Article Text

Download PDFPDF
Prognostic impact of new onset atrial fibrillation in acute non-ST elevation myocardial infarction data from the RICO survey
  1. G Laurent,
  2. M Zeller,
  3. G Dentan,
  4. D Moreau,
  5. Y Laurent,
  6. J C Beer,
  7. H Makki,
  8. I Lhuillier,
  9. L Janin-Manificat,
  10. M Fraison,
  11. Y Cottin
  1. Department of Cardiology, University Hospital Dijon, France
  1. Correspondence to:
    Dr Cottin Yves
    Département de Cardiologie, Hôpital Bocage, 3 Bd de Lattre de Tassigny, 21000 Dijon, France;

Statistics from

Request Permissions

If you wish to reuse any or all of this article please use the link below which will take you to the Copyright Clearance Center’s RightsLink service. You will be able to get a quick price and instant permission to reuse the content in many different ways.

New onset atrial fibrillation (AF) is a common complication of acute myocardial infarction (MI), with a prevalence ranging of from 7–18%, and is associated with a higher incidence of in-hospital congestive heart failure. AF occurs in patients who are older with severe coronary artery disease and is associated with higher 30 day and one year mortality rates than for those patients without AF.1–,4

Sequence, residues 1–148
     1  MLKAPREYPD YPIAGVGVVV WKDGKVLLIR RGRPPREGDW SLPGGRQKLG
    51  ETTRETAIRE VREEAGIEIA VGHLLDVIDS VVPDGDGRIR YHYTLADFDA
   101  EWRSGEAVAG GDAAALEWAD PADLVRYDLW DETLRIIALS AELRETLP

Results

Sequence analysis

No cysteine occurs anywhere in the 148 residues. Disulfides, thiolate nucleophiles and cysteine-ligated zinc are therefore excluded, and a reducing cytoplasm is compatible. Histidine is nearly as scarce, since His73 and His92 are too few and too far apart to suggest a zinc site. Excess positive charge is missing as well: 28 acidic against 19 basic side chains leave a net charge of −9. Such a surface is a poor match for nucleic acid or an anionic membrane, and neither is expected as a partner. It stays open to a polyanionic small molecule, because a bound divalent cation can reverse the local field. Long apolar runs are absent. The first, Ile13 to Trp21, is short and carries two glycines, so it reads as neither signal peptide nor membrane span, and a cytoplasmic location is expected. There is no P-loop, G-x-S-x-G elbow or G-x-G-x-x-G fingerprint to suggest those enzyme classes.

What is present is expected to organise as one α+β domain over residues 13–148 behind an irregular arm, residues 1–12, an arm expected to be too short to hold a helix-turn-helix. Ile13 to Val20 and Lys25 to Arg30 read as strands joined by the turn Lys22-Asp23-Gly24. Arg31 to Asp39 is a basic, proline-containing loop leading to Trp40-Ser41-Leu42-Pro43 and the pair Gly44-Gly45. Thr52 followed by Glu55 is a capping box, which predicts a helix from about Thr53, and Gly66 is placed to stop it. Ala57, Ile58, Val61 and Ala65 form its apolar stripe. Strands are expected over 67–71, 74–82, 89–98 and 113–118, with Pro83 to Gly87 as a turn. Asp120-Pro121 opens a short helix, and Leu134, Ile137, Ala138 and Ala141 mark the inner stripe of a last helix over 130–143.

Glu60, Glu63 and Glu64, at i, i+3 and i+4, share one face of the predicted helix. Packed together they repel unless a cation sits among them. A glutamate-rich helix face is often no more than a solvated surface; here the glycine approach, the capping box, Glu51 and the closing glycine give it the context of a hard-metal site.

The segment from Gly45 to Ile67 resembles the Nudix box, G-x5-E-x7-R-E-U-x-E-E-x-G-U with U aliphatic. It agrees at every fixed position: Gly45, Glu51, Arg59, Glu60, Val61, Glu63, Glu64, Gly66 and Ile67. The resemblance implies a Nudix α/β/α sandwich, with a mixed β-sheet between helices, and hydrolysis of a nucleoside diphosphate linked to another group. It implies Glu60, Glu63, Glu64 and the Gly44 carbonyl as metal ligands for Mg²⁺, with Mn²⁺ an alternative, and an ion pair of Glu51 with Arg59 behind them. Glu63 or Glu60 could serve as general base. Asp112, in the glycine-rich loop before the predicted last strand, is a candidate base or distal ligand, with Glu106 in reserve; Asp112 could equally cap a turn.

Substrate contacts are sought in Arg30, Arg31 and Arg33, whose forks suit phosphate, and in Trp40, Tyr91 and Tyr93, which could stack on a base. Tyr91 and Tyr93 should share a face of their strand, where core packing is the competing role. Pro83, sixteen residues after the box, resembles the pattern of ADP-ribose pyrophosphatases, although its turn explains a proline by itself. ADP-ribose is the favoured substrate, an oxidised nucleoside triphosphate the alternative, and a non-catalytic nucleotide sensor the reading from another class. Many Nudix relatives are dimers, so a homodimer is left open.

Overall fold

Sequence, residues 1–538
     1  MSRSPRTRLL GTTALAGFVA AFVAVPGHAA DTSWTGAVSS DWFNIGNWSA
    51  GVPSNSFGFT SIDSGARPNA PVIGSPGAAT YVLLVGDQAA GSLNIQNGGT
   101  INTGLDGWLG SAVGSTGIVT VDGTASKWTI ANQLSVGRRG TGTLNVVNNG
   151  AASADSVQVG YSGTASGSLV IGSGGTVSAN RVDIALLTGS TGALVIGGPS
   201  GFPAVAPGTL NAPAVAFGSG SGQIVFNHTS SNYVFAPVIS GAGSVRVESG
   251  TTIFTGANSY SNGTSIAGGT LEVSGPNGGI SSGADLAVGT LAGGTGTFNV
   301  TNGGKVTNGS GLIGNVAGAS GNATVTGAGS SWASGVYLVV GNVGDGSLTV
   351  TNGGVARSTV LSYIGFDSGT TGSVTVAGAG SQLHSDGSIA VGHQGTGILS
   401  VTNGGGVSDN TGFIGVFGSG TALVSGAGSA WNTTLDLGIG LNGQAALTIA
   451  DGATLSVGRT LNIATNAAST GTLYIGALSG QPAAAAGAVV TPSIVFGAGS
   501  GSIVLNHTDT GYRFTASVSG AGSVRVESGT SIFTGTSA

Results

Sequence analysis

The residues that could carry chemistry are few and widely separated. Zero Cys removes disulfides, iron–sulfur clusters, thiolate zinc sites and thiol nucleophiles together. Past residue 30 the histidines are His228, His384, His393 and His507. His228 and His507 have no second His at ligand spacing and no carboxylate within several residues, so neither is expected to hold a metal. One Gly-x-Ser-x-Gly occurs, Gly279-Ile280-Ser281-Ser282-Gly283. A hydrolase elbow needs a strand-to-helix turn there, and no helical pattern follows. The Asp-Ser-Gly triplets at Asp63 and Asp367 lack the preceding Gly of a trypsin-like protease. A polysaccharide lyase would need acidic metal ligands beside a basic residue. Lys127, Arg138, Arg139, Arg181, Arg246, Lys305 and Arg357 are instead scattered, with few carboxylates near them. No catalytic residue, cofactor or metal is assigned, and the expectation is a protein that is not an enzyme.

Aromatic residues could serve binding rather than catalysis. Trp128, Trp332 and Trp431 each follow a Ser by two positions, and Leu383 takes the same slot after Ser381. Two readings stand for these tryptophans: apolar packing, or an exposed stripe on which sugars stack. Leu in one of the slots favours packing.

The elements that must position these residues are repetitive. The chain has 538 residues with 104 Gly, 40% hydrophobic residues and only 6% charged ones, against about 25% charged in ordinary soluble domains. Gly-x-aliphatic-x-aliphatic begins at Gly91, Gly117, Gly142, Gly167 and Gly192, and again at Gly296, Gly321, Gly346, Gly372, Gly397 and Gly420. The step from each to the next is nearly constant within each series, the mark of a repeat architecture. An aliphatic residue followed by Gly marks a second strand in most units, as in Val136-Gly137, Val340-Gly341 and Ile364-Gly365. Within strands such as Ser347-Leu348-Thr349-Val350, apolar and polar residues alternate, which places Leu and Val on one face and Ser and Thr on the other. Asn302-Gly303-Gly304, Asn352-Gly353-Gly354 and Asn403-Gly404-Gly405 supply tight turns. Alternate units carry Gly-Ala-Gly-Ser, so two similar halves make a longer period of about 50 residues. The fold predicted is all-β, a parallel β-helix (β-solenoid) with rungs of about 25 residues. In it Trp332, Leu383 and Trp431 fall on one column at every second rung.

However, most studies have been performed on data collected from patients with ST elevation myocardial infarction (STEMI). In the present study, we examined the characteristics and in-hospital outcome for a non-selected population, hospitalised for non-ST elevation myocardial infarction (NSTEMI) and included in the French regional RICO survey.


From 1 January 2001 to 31 July 2003 pre-hospital as well as in-hospital data from 504 patients, hospitalised for acute NSTEMI in one region of eastern France, were analysed. All the cardiology departments of the region, five public hospitals and one private clinic, in charge of cardiac emergencies, participated in the study.

All patients included in the study presented with NSTEMI. The diagnoses were based on: an increase in troponin concentrations to the upper limit of normal (ULN) or creatine kinase myocardial band ⩾ 2 ULN; NSTEMI (ST segment depression or negative T wave on ECG); patients admitted to index hospital within 24 hours following symptom onset. Patients presenting any one of the following criteria were excluded from the study: persistent ST elevation or new Q …

View Full Text